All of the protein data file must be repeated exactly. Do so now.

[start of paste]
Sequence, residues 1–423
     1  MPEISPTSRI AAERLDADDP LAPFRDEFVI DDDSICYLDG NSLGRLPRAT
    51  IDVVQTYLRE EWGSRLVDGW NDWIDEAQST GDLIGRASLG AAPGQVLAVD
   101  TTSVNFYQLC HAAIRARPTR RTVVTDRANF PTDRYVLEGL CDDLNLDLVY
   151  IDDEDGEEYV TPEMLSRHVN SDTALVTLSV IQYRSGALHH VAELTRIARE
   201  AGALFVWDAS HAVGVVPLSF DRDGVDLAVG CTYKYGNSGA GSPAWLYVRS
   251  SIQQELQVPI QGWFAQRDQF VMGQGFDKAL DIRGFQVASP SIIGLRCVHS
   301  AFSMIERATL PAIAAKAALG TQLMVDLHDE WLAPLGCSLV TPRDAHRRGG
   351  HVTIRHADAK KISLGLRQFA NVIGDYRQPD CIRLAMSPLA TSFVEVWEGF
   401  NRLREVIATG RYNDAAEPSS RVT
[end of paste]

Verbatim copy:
Sequence, residues 1–423
     1  MPEISPTSRI AAERLDADDP LAPFRDEFVI DDDSICYLDG NSLGRLPRAT
    51  IDVVQTYLRE EWGSRLVDGW NDWIDEAQST GDLIGRASLG AAPGQVLAVD
   101  TTSVNFYQLC HAAIRARPTR RTVVTDRANF PTDRYVLEGL CDDLNLDLVY
   151  IDDEDGEEYV TPEMLSRHVN SDTALVTLSV IQYRSGALHH VAELTRIARE
   201  AGALFVWDAS HAVGVVPLSF DRDGVDLAVG CTYKYGNSGA GSPAWLYVRS
   251  SIQQELQVPI QGWFAQRDQF VMGQGFDKAL DIRGFQVASP SIIGLRCVHS
   301  AFSMIERATL PAIAAKAALG TQLMVDLHDE WLAPLGCSLV TPRDAHRRGG
   351  HVTIRHADAK KISLGLRQFA NVIGDYRQPD CIRLAMSPLA TSFVEVWEGF
   401  NRLREVIATG RYNDAAEPSS RVT